# On inverting characteristic functions

Let $$X$$ be a random variable in $$\mathbb{R}^n$$ with distribution $$\mu$$ and characteristic function $$\varphi$$ (i.e. $$\varphi(t)=\mathbb{E} e^{i\langle t,X\rangle}$$). The standard inversion formula asserts that $$\mu \big(\{a where the set $$\{ a is the rectangle $$(a_1,b_1)\times\cdots \times (a_n,b_n).$$

Instead of working with rectangles I am interested in working with open Euclidean balls. Is the corresponding integral relationship similar to the one above known in this case? I would be also very grateful for related references.

• Are you assuming that $\mu$ is absolutely continuous? Mar 29, 2021 at 13:44
• No, I am particularly interested in the case where $\mu$ is discrete and supported on a lattice.
– TOM
Mar 29, 2021 at 14:47
• Not sure it is related but Fefferman showed things can go wrong when looking at convergence of Fourier series in 2d on squares versus disks. See math.stackexchange.com/questions/1849763/… Mar 29, 2021 at 18:02
• A thank you to @MichaelHardy for the clarity mods. Mar 30, 2021 at 3:25

A general way to view these formulae is as a Parseval identity. If your measure were of the form $$d\mu(x)=f(x)\,dx$$, where $$f\in L^2$$, then you would have, for any set $$E$$ of finite positive measure, $$\mu(E)=\int_{\mathbb{R}^n}\mathbf{1}_Ef=\frac{1}{(2\pi)^n}\int_{\mathbb{R}^n} \hat{\mathbf{1}}_E\hat{\mathbf{f}}=\frac{1}{(2\pi)^n}\int_{\mathbb{R}^n} \hat{\mathbf{1}}_E\varphi_X.$$ In the case $$E$$ is the unit ball, the Fourier transform is $$\hat{\mathbf{1}}_E(\xi)=(2\pi)^{\frac{n}{2}}\lVert \xi\rVert^{-n/2}J_{n/2}(\lVert\xi\rVert)$$, where $$J$$ is the Bessel function.

Of course, if $$\mu$$ is less regular, then the RHS does not need to converge absolutely. There are several ways to make sense of the formula nevertheless, namely:

• replace $$\mathbf{1}_E$$ with a test function, then pass to the limit;
• approximate $$\mu$$ with a more regular measure, then pass to a limit (as in the answer by Iosif Pinelis);
• replace the integral by its principal value, i. e., integrate over a box or ball of size $$T$$ centered about the origin and send $$T$$ to infinity.

The reason the last approach often works is because cutting out the high frequencies has a smoothening effect on both $$\mathbf{1}_E$$ and $$f$$, so it is essentially a combination of the first two. In particular, it always works when $$\mu$$ is supported away from the boundary of $$E$$; indeed, by writing $$\mu=\mu\star\delta$$ and exchangind integrals, it suffices to check the formula for delta-measures, in which case it is just the Fourier inversion formula at a point of smoothness of the original function.

If, on the other hand, $$\mu$$ is allowed to be supported on the boundary, then the v. p. integration may fail, but so does your formula for rectangles, as far as I can see. For example, in dimension 1, RHS is additive under the union $$(a,b)\cup(b,c)$$, while the LHS is not if $$\mu(\{b\})\neq 0$$.

$$\newcommand\ep\varepsilon\newcommand\de\delta\newcommand\De\Delta\newcommand\vp\varphi\newcommand\R{\mathbb R}$$For real $$\ep>0$$, let $$\mu_\ep$$ be the distribution of $$X+\ep Z$$, where $$Z$$ is a standard Gaussian random vector in $$\R^d$$ independent of $$X$$. Then the pdf $$p_\ep$$ of $$\mu_\ep$$ is given by $$p_\ep(x)=\frac1{(2\pi)^d}\int_{\R^d}dt\,e^{-it\cdot x-\ep^2|t|^2/2}\vp_X(t)$$ for $$x\in\R^d$$.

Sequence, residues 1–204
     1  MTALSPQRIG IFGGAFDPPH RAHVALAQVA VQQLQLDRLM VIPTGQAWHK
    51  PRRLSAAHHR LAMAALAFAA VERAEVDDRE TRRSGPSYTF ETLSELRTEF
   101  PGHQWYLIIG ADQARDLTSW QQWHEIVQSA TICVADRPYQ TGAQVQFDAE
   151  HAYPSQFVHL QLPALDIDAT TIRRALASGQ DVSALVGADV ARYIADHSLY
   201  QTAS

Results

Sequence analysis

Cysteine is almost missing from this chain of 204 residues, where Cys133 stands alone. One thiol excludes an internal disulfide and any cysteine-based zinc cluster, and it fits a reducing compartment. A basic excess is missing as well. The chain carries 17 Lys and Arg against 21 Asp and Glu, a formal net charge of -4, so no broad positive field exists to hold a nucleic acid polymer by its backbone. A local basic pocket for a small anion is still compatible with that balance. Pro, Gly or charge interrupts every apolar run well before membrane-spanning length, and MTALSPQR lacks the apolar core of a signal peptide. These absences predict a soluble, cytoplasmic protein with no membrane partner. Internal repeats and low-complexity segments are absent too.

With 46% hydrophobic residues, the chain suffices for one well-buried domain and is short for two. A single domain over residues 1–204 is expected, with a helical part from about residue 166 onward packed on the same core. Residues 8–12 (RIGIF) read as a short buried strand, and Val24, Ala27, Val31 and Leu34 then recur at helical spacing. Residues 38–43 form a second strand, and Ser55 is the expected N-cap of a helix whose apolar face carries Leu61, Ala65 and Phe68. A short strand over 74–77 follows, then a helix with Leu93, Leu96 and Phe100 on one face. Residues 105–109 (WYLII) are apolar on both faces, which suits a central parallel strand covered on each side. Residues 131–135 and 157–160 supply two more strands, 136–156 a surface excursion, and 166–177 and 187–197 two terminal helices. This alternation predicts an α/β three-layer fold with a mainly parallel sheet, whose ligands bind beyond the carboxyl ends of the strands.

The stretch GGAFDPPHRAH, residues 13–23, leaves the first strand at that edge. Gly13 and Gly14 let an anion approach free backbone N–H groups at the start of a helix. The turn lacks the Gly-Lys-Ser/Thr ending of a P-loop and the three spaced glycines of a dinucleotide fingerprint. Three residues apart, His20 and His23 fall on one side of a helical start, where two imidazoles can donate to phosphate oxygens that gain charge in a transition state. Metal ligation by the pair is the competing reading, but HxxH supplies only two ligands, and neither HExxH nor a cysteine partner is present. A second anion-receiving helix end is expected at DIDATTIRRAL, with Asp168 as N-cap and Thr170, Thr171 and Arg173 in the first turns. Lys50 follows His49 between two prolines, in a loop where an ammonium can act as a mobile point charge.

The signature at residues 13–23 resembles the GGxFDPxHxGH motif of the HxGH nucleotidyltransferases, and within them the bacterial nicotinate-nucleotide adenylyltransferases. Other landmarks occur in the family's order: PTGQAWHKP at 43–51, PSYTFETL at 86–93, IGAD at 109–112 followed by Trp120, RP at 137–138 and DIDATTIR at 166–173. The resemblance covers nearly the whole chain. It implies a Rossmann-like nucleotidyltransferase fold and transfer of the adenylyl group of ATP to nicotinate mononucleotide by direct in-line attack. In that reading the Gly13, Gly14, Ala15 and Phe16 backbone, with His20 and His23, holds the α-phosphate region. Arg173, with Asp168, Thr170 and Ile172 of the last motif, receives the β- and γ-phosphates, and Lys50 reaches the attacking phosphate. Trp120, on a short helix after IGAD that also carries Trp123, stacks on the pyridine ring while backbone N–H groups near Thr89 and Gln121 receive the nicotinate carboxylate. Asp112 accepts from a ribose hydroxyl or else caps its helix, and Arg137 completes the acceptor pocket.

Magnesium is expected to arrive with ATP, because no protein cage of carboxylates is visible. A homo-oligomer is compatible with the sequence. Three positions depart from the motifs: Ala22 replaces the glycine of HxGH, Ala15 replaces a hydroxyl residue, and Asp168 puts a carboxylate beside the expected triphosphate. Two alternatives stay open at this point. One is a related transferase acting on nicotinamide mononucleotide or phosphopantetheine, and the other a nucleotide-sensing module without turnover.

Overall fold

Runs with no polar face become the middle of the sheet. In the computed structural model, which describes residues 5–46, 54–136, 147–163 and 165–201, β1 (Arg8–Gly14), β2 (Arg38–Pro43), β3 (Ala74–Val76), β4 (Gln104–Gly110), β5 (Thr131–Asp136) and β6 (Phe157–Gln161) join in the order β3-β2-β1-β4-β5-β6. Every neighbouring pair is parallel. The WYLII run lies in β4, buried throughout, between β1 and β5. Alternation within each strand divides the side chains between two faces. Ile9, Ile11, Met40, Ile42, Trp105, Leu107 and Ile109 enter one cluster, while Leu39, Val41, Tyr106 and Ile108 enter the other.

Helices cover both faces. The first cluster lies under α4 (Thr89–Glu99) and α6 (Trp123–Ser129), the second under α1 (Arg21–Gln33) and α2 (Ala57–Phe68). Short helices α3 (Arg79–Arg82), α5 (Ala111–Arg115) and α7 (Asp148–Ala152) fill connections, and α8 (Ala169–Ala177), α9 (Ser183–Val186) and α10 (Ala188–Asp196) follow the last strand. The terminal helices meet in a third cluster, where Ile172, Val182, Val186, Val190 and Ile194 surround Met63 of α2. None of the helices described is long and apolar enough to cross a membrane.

Note that $$X+\ep Z$$ converges to $$X$$ almost surely (as $$\ep\downarrow0$$), and hence $$\mu_\ep$$ converges to $$\mu$$ weakly.

So, for any ball $$B$$ in $$\R^d$$ with $$\mu(\partial B)=0$$, \begin{aligned} \mu(B)&=\lim_{\ep\downarrow0}\mu_\ep(B) \\ &=\lim_{\ep\downarrow0}\int_B dx\, p_\ep(x) \\ &=\nu(B):=\frac1{(2\pi)^d}\lim_{\ep\downarrow0}\int_B dx\, \int_{\R^d}dt\,e^{-it\cdot x-\ep^2|t|^2/2}\vp_X(t). \end{aligned}

Take now any open ball $$B$$ of some radius $$r\in(0,\infty)$$ and let $$B_{-\de}$$ denote the open ball concentric with $$B$$ of radius $$r-\de$$, where $$\de\in(0,r)$$. Let $$\De:=\{\de\in(0,r)\colon\mu(\partial(B_{-\de}))=0\}$$. Then $$\mu(B)=\lim_{\de\downarrow0}\mu(B_{-\de})=\lim_{\de\downarrow0,\,\de\in\De}\mu(B_{-\de}),$$ in view of the monotonicity of $$\mu(B_{-\de})$$ in $$\de$$ and because the set $$(0,r)\setminus\De$$ is at most countable. Therefore and in view of the monotonicity of $$\nu(B_{-\de})$$ in $$\de$$, \begin{aligned} \mu(B)&=\lim_{\de\downarrow0,\,\de\in\De}\nu(B_{-\de}) \\ &=\lim_{\de\downarrow0}\nu(B_{-\de}) \\ &=\frac1{(2\pi)^d}\lim_{\de\downarrow0}\lim_{\ep\downarrow0}\int_{B_{-\de}} dx\, \int_{\R^d}dt\,e^{-it\cdot x-\ep^2|t|^2/2}\vp_X(t). \end{aligned}

• Thank you, this is most useful!
– TOM
Mar 29, 2021 at 16:18
• There seems to be a problem with the formula (or maybe I do not see something trivial). Consider a random variable $X$ such that $\mathbb{P}(X=\pm 1)=1/2$. Then the probability that $X$ hits the interval $(-1,1)$ is 0, but the smoothened version of $X$ assigns probability roughly $1/2$ to this interval (with limit $1/2$ as $\varepsilon \rightarrow 0$). Am I missing something here?
– TOM
Mar 30, 2021 at 13:56
• @TOM : Thank you for your comment. This is now fixed. Mar 30, 2021 at 14:53
• In the paragraph startin So, for any ball $B$ in $\mathbb R^d$ with you probably mean $\mu(\partial B)=0$. Mar 31, 2021 at 5:06
• @JochenWengenroth : Yes, of course. :-) Thank you for your comment. Mar 31, 2021 at 6:27